Most women in their 20s have the luxury of not having to stress about — or even think about — their health. They can drink water, eat relatively healthy foods balanced out with the occasional bacon burger and brownie, go to bed at 3 a.m., wake at 6 a.m. and still feel energetic and ready to take on the world.
But, just because your body is working in your favor during this decade, doesn't mean you shouldn't be proactive and take every measure to ensure it stays that way. In addition to getting an annual physical exam at your primary doctor's office, you should also be visiting your gynecologist every year (no excuses) and making sure you receive each of the following exams when needed.
Cervical cancer testing begins at age 21 and should be given about every three years, depending on the results of your human papilloma virus test, according to Dr. Sherry Ross, OB-GYN and women's health expert at Providence Saint John's Health Center in Santa Monica, California. That's right — whether you did or did not receive an HPV vaccine at age 11 or 12, you should find out whether you have HPV. Ross says it is the most common sexually transmitted infection and affects 75-80 percent of men and women, causing genital warts and cervical cancer. "For low risk women 21 to 29 years old, Pap smears can be done every three years with human papilloma virus (HPV) testing every five years if both tests are negative."
It's crucial that young women begin to understand how they can take control of their sexual health — something a quality doctor can help ensure happens in your late teens/early 20s. Is it any wonder why so many of us (hand raised) make it to age 30 without a real understanding of the follicular and luteal phases of menstruation? "Discussing the importance of birth control and safe sex begins in your 20s," Ross says. "Women who are sexually active should be screened yearly for sexually transmitted infections including chlamydia and gonorrhea. HIV testing should be done yearly continuing until age 64. Making sure women have received the HPV vaccine is essential."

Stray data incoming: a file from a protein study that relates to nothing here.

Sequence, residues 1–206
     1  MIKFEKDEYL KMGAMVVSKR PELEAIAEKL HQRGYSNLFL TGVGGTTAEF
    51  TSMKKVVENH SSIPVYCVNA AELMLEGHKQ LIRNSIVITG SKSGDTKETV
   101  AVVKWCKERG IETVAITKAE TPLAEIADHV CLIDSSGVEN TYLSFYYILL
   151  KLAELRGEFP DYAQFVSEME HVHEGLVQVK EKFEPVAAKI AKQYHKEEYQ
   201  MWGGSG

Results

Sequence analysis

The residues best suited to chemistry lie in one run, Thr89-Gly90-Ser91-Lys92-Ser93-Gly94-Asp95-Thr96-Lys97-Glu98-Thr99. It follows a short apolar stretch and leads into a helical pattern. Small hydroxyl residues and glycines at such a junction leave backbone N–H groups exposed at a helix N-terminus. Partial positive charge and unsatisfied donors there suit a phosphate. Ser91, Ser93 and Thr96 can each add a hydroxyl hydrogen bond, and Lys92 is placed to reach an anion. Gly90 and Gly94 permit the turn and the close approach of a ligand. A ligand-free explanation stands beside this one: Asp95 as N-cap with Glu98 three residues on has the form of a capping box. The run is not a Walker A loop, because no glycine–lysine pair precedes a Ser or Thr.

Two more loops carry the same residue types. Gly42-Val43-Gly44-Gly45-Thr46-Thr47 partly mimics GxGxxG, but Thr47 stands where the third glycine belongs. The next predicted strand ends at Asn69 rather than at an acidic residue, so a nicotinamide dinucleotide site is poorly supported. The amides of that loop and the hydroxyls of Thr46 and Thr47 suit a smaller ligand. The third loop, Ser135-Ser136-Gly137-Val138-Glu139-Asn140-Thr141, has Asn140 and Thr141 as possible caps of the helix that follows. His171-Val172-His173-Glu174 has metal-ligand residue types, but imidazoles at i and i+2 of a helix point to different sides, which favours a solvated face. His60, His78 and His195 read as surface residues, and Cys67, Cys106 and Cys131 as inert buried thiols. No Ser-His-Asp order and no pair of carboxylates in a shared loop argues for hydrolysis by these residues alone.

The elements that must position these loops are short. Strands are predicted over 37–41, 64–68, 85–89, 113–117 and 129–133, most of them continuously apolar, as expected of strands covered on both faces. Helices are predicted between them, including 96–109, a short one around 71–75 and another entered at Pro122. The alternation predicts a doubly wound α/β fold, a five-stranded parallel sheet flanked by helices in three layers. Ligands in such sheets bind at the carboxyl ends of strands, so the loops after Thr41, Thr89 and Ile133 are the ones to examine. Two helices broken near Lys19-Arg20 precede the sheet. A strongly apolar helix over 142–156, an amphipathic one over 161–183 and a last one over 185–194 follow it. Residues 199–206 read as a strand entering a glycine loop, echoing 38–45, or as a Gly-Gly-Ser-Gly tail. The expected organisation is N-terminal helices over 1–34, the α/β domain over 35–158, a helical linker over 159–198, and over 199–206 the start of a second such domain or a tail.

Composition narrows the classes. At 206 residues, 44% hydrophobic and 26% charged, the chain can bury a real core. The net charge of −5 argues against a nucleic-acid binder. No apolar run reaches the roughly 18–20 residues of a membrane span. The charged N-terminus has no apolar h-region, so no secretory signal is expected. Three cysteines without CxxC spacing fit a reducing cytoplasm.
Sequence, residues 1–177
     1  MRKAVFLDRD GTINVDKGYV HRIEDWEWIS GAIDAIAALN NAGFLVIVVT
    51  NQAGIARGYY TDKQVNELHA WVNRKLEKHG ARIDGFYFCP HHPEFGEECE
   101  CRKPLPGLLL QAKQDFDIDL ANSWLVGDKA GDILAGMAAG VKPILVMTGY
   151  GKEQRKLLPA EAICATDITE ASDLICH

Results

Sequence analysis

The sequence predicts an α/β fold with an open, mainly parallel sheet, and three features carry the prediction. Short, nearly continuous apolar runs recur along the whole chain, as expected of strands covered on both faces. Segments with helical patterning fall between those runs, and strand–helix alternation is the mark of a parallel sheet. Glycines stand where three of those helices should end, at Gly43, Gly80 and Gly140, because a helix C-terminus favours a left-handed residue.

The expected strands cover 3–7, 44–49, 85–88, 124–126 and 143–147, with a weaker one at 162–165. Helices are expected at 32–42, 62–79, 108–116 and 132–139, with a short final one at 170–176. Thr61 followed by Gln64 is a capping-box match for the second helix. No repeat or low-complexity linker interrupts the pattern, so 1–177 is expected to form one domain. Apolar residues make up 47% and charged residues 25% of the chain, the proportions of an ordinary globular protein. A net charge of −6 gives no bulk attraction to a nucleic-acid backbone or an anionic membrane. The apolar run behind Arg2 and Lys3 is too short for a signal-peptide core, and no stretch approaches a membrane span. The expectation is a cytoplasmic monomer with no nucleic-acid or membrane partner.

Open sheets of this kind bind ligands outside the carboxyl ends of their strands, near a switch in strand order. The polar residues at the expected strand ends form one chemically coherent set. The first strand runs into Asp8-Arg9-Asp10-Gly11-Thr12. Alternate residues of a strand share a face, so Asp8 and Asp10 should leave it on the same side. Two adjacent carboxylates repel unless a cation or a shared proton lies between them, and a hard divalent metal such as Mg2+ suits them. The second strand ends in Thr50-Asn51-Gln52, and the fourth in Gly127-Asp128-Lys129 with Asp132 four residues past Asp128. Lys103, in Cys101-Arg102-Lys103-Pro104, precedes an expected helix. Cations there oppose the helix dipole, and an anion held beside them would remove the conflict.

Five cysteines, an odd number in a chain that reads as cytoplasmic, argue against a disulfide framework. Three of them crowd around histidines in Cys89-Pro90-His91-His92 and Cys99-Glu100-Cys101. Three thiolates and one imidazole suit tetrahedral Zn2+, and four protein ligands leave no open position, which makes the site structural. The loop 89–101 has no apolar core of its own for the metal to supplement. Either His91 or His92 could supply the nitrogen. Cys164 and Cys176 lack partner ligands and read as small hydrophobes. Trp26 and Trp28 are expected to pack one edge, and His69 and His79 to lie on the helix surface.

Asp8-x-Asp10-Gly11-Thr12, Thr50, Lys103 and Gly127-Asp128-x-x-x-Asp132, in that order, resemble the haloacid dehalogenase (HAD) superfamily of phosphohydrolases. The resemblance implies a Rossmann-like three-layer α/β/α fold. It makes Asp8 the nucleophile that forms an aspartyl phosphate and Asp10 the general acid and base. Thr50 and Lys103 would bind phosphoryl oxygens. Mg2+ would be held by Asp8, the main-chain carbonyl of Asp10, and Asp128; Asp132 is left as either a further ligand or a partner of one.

There is no age in which you shouldn't be aware of your cholesterol numbers, particularly if high cholesterol runs in your family. But, as a general guideline, you can begin inquiring about this in your 20s, so that you can make necessary changes to your diet and exercise routine.
Same goes for your blood pressure — though it's usually a given that your doc will check your numbers at each visit. High blood pressure is linked to heart problems, blood clots, strokes and even dementia, while low blood pressure may cause fatigue, depression, dizziness and more.
This one may not be on your radar, but Dr. Eugene Ahn, medical oncologist at Cancer Treatment Centers of America at Midwestern Regional Medical Center, says vitamin D is more important than you might think — and that it's difficult to get sufficient quantities of it through diet alone. "In my experience at CTCA at Midwestern, I have seen that roughly three out of four patients are vitamin D deficient," Ahn says. "Vitamin D is a critical vitamin for bone and immune system health. A lot of epidemiological data shows significant correlations between low vitamin D levels and a higher cancer risk."
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